Snow on Ice: Sea pigs and mud #10
“We found a sea pig last night in one of the Megacore tubes,” Jennie Mowatt, a marine technician onboard, nonchalantly said as she passed around a video on her cell phone for all of the scientists in the meeting. With my late-night schedule, I had literally just thrown myself down from my top rack (bunk on the ship), gotten dressed and walked a couple rooms down to join our daily 0830 science planning meeting, eyes barely starting to open and adjust to the light. I had recently seen the hilarious YouTube video “True Facts about the Sea Pig” on the ship, so when Jennie casually made the comment, I immediately came out of my fogginess, excited. The 3 or 4 inch-long, piggish, many-legged cousin of the sea cucumber moving on the screen was gelatinous, tinted lightly pink, and transparent enough to see its organs. The sea pig had been in the core tube for about 24 hours when he had been discovered rooting around in the mud, or what geologists would refer to as bioturbating, which isn’t ideal for getting a good sediment core record. Our sea pig needed to come out.
The “Megacorer” that caught this fascinating creature was a 12-barrel coring contraption. A steel frame rings a square with four clear tubes on each side of the corer with a metallic web of complex trigger mechanisms at the top. On a perfect grab, it can capture 12 tubes of the interface between the ocean and sediment, with about 20 inches (50 cm) of it being sediment. Captured in 4-inch (10 cm) diameter transparent tubes, each core looked like a mud aquarium that might display worms, anemones, and other rare animals, like the sea pig. Linking back to my previous blog and the idea that one person’s noise is another’s signal, these creatures would have been interesting to study if we had a biologist onboard, but the sea pig wasn’t what we were there for. The THOR group was coring sediment for the story they could tell us about the history of Thwaites Glacier.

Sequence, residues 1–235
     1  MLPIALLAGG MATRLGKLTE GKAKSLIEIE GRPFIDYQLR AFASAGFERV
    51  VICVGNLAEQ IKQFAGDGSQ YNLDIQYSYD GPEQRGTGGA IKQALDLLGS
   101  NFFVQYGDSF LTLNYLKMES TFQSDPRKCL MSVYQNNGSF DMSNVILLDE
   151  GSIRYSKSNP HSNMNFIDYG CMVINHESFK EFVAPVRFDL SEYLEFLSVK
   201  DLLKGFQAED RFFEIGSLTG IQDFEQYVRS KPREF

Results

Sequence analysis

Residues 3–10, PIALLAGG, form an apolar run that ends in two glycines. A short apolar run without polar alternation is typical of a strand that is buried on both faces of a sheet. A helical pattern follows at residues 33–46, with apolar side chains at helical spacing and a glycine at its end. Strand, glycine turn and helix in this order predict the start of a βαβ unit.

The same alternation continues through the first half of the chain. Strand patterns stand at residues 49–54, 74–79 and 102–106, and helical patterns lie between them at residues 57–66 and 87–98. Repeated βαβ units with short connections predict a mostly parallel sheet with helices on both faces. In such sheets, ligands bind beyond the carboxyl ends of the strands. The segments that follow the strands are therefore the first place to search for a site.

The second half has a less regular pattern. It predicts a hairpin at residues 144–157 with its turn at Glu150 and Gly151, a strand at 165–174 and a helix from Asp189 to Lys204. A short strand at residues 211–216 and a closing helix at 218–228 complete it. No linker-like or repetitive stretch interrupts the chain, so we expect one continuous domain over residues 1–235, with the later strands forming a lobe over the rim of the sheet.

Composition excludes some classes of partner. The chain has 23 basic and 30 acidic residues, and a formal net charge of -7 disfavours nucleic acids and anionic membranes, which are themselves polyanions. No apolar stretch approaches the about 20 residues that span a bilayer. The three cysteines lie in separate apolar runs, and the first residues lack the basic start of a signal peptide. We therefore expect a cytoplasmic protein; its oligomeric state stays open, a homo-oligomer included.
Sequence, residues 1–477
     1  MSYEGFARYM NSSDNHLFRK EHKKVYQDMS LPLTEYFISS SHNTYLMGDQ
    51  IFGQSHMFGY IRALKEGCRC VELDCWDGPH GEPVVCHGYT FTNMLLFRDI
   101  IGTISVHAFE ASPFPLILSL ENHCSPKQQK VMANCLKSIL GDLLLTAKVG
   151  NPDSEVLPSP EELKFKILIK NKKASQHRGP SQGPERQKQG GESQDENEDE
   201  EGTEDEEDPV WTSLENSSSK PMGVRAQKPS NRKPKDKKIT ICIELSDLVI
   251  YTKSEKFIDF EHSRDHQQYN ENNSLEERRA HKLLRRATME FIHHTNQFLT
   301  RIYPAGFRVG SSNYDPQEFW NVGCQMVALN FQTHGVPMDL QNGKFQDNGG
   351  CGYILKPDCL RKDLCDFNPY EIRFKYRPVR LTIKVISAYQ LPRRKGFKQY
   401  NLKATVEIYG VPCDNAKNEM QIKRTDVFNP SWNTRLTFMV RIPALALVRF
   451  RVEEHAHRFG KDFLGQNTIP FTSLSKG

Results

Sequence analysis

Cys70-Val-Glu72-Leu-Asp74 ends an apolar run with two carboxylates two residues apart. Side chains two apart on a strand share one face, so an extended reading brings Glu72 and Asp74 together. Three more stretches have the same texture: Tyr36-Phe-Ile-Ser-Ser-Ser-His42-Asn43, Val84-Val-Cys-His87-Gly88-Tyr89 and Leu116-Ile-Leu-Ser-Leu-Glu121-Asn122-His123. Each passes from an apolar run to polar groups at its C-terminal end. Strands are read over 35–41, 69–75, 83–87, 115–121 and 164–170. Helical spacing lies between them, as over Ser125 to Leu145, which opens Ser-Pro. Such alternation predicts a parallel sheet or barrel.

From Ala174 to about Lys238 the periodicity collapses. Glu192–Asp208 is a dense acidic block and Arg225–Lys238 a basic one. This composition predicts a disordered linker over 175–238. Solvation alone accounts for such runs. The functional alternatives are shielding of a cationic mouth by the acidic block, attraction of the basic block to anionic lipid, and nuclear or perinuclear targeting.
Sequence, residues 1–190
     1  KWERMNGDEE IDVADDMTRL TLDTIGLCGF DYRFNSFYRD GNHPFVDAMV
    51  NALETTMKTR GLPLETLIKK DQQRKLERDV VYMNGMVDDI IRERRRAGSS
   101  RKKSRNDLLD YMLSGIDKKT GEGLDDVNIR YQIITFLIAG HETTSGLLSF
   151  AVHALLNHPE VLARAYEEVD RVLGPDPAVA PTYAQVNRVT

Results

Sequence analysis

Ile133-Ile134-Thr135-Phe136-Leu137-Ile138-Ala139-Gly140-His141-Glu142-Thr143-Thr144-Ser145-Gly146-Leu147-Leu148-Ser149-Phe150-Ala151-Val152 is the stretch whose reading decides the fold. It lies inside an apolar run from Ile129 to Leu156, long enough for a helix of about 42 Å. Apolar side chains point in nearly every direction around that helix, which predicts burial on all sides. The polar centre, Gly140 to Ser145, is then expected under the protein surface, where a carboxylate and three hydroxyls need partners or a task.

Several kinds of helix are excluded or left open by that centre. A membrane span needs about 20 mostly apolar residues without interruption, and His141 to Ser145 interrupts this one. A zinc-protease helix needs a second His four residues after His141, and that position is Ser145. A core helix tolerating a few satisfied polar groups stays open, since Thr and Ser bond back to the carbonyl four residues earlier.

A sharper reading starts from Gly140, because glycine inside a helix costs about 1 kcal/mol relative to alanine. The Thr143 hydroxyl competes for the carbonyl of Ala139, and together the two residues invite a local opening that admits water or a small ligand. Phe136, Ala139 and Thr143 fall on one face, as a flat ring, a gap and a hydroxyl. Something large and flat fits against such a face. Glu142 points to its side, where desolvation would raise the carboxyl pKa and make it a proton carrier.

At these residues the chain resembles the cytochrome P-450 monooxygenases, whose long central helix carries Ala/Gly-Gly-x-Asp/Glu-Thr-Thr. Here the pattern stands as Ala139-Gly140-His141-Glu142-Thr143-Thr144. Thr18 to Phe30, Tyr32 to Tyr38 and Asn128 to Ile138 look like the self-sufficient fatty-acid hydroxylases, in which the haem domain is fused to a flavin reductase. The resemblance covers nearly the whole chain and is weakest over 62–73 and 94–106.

Marine sediments are the history books for Earth’s past. Layers of different kinds of mud, rocks, and biological matter from the organisms that live in the water deposit on the sea floor and get buried over time. The sediments at the sea floor are very young and as you dig deeper become older and older. The kinds of sediments deposited change over time. If the glacier resided overhead during a period of time, there will be little to no sediments deposited and old pages of the history book will be scoured away and transported elsewhere by the ice. If the glacier retreated from the location, but still sat nearby spitting out rocks ground up beneath the glacier, there will be sands and rock fragments deposited in the layer. As the glacier retreats further away and the water above opens up and becomes productive, the layer will have more biological matter and finer muds and silts. A geologist can skillfully read a sediment core like a book to interpret past changes layer by layer. The layers get harder to interpret, though, if some have been removed or mixed together, like what occurs with bioturbation. Our sea pig was effectively taking the words out of the sediment history book, mixing them up, and putting them back in smeared together. To be fair to our gelatinous friend, bioturbation is a natural phenomenon that geologists expect to have to some extent in most regions. It inevitably is one component of the error taken into account in the analyses that eventually tell the story here.